On the Cortex podcast (which inspired the whole series), CGP Grey and Myke Hurley sometimes talk about their checklists; whole projects that can be invoked by a tap if needed. These lists are for things that are important to get right, but you do them not often enough to remember every step, examples are an Airport or a YouTube checklist. They mostly use OmniFocus for this, which can export and import projects as TaskPaper.

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Automate #1: Spotify Podcast Mirror

This is the first post of my series Automate.

In this post I describe how I created an Automator application, which will record the latest episode of a Spotify podcast, fill out metadata like title and description and generate a file for metadata for a podcast client to subscribe to.

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Announcing the Automate Series

I listen to a lot of podcasts every day, e.g. when doing chores or commuting. One of the shows I particulary enjoy recently is Cortex, where Myke Hurley and CGP Grey talk about their ways to be productive. Every year, they define yearly themes, which are a bit like new year’s resolutions, but instead of hard targets, they are more like directions in which you want to go. I highly recommend listening to the Yearly Themes Episode of 2019.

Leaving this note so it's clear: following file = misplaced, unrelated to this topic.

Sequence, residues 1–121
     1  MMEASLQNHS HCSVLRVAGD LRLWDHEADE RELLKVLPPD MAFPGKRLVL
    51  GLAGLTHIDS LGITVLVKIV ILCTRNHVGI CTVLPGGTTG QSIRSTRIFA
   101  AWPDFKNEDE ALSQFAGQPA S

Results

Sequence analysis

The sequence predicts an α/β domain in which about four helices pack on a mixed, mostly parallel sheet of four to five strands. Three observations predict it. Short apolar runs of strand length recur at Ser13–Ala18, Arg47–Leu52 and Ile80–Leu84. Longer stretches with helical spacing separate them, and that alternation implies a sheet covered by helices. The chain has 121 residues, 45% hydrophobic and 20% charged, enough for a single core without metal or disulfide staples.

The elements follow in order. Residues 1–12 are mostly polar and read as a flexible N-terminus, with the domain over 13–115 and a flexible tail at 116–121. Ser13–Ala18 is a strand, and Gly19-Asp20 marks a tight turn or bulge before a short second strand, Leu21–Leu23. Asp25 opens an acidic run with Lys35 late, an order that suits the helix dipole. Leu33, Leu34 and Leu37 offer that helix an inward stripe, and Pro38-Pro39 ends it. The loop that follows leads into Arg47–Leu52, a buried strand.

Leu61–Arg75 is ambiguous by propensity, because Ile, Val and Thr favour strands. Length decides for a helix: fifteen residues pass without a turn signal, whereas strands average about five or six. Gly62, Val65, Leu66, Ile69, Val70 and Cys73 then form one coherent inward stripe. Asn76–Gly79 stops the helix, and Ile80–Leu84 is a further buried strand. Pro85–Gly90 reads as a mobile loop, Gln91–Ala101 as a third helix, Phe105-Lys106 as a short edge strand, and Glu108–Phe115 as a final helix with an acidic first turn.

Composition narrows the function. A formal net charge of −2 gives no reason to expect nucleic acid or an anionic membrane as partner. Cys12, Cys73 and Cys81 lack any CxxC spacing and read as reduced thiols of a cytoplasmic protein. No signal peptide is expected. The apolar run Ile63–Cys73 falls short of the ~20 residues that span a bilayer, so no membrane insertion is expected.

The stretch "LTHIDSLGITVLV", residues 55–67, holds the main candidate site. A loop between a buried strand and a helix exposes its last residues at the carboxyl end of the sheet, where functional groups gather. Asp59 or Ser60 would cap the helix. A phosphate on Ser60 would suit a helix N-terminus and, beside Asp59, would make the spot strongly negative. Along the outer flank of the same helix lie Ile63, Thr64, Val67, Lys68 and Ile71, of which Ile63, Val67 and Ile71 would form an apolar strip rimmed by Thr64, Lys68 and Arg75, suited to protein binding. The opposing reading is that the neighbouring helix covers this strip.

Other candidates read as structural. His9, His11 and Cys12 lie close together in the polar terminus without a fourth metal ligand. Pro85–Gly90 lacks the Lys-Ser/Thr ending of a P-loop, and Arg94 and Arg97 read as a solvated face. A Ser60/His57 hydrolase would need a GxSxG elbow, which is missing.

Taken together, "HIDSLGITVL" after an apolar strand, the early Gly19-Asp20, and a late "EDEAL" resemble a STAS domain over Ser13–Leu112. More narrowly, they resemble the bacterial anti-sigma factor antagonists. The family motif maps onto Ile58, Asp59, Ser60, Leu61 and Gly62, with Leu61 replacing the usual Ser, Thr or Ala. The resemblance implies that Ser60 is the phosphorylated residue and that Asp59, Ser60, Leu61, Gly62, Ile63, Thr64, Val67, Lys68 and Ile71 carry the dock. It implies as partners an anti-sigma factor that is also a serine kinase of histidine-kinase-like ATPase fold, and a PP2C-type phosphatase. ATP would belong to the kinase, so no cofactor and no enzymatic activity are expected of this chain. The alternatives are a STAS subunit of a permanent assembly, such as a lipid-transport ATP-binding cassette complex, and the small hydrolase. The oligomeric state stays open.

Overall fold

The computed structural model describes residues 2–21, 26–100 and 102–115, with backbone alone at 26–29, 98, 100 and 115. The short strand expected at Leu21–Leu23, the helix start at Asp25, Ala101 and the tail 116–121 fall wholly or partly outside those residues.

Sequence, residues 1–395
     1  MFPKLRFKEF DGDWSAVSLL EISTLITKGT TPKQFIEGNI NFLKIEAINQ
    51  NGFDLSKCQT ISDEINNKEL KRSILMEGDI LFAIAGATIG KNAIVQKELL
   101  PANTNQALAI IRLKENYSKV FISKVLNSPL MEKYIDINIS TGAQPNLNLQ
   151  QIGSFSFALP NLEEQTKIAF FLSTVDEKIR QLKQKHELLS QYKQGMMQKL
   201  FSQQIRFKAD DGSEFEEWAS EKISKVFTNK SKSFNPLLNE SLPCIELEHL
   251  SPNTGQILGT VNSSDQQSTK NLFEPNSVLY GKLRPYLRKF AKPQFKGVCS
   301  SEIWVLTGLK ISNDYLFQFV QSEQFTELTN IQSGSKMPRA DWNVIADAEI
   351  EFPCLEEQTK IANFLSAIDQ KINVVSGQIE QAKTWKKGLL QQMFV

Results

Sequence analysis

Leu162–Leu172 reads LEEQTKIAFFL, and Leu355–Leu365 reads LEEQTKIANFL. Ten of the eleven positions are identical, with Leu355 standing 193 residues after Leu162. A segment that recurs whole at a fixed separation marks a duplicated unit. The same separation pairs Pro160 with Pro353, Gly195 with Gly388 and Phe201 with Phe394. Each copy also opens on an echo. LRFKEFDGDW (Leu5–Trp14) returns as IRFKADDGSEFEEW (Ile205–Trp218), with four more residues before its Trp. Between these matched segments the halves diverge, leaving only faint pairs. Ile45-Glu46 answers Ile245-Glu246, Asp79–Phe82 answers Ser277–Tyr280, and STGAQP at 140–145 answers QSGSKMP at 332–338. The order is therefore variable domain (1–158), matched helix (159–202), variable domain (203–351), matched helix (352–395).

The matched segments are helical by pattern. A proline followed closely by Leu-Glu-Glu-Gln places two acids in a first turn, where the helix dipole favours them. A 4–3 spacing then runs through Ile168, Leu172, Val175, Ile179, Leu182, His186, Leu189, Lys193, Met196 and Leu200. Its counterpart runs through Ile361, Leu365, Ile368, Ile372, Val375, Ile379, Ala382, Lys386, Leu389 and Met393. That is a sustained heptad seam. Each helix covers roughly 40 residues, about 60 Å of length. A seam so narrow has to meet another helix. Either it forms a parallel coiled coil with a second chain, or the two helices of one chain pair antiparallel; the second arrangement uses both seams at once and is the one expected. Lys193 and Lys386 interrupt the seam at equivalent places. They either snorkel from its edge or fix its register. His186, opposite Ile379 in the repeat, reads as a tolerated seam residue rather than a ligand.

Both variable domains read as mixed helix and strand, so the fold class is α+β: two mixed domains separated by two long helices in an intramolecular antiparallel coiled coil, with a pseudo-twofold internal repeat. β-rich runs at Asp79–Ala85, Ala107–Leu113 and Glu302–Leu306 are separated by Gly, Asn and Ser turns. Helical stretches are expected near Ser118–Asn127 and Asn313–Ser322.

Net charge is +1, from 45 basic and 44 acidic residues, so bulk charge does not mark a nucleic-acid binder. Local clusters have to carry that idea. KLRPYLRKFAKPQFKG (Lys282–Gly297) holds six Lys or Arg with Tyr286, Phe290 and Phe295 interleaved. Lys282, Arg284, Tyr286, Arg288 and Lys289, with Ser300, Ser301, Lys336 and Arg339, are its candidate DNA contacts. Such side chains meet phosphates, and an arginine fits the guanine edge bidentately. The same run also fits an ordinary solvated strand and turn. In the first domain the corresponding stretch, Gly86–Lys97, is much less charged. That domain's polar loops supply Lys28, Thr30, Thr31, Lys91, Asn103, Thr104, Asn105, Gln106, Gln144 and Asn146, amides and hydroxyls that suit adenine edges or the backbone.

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I18n in Node.js

Yesterday we added unit tests for a component that uses the Intl API to a frontend project. Everything worked flawlessly on our local machines, but it failed on CI. The failing tests showed a number formatted in English instead of the expected German format.

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On Hexagonal Architecture

A good architect maximises the number of decisions not made

— Robert C. Martin in Clean Architecture

Most web services I worked with use a MVC-style architecture, with a handlers package and, if at all, a repository package. While this may be great for small services, the handlers package introduces a big problem: It mixes transport logic with business logic. This makes refactoring hard (imagine switching your HTTP framework) and therefore forces you to make decisions about these kind of things before even starting the project. So when I started a new project recently, I decided to use the hexagonal architecture (aka Ports and Adapters) and so far I’m really happy.

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If you’re using Vim, you know that feel (if you aren’t, you can skip this article): Everytime you open a project, you toggle NERDTREE and Tagbar (or similar). But you don’t want to put that in your .vimrc, because then they’d open every time, even when you just want to quickly edit a file.

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Deploy Octopress, the right way

You’re deploying your Octopress blog via Git to GitHub Pages (or Heroku), but you don’t like Heroku and GitHub Pages are refreshing too slow and you really don’t want to use Rsync, do you?

Just deploy to your own server via Git.